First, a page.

NEW YORK — In the world of condensed matter physics, Freeman Dyson is an international superstar. But in the spiritual realm, he is virtually unknown. So it came as a surprise to Mr. Dyson yesterday that he won the 2000 Templeton Prize for Progress in Religion, the biggest award for works advancing the understanding of God or spirituality.
"I don't understand," Dyson says. "It usually goes either to a saint or a theologian, and I don't qualify as either of those. It is a mystery." But along his 54 years as a scientist, Dyson's colleagues say, he has greatly contributed to the often-heated discussion over science and religion. As a physicist, he has tried to inject ethics into the realm of science. As a writer, Dyson has worked on setting principles to guide both skeptics and believers in their work together.
"Dyson has been a trail-blazer," says Robert Herrmann, one of the nine judges for the 2000 Templeton Prize. "By saying that science has a limited approach to truth, he has tremendously contributed to the science-religion dialogue."
Dyson was not so much rewarded for his outstanding credentials in nuclear physics as for his extensive writing on science and religion. In the last 20 years, he has published eight books, in which he developed the idea that science and religion are two windows to the world, ones that should complement rather than oppose each other.
Science, he says, should be used to better the world; religion to offer spiritual guidance.
In "Imagined Worlds," he wrote: "Religion has at least an equal claim to authority in defining human destiny. Religion lies closer to the heart of human nature and has a wider currency than science."
Dyson has been constantly questioning science's role in society since the start of his career. Recently, he condemned modern science for creating "toys for the rich," like new laptops and ever-smaller cellphones. Instead, he says, scientists should focus on developing technologies like solar energy to reduce poverty in third-world countries. He calls for scientists to join religious leaders in the fight for social justice.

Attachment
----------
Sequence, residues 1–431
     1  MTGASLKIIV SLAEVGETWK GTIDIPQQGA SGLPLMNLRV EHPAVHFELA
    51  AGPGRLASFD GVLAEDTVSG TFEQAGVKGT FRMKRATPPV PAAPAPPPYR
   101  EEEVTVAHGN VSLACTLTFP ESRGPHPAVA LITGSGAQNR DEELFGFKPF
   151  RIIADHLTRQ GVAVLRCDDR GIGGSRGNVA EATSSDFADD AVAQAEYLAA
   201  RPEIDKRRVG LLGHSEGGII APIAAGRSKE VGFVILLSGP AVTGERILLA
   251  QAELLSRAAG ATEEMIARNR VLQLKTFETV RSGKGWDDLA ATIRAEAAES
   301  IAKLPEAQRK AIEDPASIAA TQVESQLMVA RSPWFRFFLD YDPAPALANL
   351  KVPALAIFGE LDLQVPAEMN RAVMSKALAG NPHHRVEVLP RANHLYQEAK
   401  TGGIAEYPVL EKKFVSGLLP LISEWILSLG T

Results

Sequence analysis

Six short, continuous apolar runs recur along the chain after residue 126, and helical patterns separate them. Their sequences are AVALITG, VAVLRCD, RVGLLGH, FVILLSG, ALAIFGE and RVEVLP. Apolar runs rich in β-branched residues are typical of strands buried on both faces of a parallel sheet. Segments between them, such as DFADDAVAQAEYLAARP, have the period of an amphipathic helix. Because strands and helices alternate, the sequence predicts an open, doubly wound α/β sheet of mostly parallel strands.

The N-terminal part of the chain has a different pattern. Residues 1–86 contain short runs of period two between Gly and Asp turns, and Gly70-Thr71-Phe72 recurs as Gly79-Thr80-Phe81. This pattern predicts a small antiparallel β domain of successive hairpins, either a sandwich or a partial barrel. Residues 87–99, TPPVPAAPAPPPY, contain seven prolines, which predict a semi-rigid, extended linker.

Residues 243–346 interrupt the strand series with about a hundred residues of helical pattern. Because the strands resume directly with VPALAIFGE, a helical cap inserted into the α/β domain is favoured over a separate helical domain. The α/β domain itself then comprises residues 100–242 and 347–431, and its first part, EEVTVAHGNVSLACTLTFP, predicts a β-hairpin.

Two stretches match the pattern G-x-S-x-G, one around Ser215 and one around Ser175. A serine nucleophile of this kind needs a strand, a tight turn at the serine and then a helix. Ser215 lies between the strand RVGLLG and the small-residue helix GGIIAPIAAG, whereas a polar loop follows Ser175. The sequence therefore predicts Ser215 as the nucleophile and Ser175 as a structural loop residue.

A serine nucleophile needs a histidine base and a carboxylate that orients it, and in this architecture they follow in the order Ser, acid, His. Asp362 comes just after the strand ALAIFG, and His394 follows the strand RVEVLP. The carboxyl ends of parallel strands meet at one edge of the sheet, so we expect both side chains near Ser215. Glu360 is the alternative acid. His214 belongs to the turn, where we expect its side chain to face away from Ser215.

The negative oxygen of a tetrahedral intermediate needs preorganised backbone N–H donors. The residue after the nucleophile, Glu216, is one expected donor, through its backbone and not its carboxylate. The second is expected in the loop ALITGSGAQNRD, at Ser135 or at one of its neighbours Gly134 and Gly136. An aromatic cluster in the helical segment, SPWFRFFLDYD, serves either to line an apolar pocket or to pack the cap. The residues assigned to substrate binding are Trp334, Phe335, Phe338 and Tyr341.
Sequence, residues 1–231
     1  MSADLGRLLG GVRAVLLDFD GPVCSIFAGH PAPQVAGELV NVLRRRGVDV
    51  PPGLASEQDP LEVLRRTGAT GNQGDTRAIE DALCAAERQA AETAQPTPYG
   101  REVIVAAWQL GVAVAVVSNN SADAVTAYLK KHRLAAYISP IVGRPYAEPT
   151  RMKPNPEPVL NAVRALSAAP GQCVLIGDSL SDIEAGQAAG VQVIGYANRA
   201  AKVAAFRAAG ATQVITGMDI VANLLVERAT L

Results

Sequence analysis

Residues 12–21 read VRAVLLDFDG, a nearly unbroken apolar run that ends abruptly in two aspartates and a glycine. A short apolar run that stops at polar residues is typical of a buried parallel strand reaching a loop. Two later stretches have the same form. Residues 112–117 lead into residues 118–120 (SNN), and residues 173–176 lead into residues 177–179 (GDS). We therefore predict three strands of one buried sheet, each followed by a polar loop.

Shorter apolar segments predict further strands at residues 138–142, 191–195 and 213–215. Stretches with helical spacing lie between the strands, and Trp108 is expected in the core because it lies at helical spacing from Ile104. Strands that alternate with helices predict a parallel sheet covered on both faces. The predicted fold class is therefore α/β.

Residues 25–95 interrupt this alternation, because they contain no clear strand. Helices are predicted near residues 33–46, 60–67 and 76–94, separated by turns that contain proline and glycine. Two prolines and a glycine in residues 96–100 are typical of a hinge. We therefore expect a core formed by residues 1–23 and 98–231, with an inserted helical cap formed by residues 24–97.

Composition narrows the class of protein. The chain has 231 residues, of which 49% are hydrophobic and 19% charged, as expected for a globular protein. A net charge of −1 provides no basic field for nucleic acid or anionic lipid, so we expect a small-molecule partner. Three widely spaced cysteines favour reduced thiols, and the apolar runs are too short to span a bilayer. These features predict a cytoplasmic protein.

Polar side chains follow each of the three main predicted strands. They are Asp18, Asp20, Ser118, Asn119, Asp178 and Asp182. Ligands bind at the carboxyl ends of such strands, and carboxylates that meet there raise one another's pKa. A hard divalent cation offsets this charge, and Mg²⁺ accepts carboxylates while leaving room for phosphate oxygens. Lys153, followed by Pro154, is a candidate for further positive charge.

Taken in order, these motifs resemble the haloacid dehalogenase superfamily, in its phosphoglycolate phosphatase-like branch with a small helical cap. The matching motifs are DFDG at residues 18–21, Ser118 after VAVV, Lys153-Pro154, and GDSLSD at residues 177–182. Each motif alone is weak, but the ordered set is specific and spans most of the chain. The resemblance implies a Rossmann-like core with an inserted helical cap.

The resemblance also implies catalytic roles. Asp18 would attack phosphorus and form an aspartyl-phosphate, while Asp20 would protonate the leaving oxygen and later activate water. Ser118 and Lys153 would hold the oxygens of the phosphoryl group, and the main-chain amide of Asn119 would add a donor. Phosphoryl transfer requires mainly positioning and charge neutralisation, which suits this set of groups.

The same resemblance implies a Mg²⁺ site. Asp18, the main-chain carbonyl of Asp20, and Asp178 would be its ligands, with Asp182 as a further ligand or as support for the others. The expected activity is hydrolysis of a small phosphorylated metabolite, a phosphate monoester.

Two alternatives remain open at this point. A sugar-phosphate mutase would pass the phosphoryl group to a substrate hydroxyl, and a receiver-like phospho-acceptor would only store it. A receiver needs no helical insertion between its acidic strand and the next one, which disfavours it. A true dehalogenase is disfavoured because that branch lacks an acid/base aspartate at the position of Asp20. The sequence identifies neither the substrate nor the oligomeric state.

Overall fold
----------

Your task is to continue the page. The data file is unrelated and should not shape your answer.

"Science and religion should work together to abolish the gross inequalities that prevail in the modern world," Dyson says.
Dyson has always believed that science and religion should work as companions to do good. In the '60s, he created the "coalition for peace action," a group in which members exchange views on hot-button issues like gun control. "We all need religion in one form or another. We also need science in order to survive," Dyson says.
Born in England in 1923, Dyson grew up in the shadow of the two world wars. After he served as a statistician in the Royal Air Force Bomber Command, Dyson moved to the United States to complete his studies in physics in 1946 at Cornell University.
Then in 1948, he went to the Institute for Advanced Studies in Princeton, N.J., where he was professor of physics for 41 years. He became famous when, in a series of debates, he convinced Robert Oppenheimer, the director of the Manhattan Project, of the validity of his theory on quantum electrodynamics.
Dyson has also developed some nuclear devices in medicine and for space exploration, always for the purpose of extending the boundaries of knowledge to benefit humankind. He has spoken out against several "big science" projects - such as the $8 billion Supercollider atom smasher and the international space station, which he considered costly and of little use to ordinary people.
This small thin man, who still has the trace of an English accent, has also worked with Stanley Kubrick, doing research on space travel for the movie "2001: A Space Odyssey."
Dyson is the 30th winner of the Templeton Prize, created by Wall Street philanthropist John Mark Templeton in 1972 to honor living individuals for their works in the discipline of religion. Along with the prize, he received $948,000, one of the largest monetary prizes. He is still undecided as to how he will spend it.
In winning the prize, Dyson has joined the company of Mother Teresa, Alexander Solzhenitsyn, and the Rev. Billy Graham, who are previous recipients. Asked how it feels to join such a famous group, he once again shrugs.
"I'm totally unworthy," he says. "I find it kind of absurd that I should be put into that class."
(c) Copyright 2000. The Christian Science Publishing Society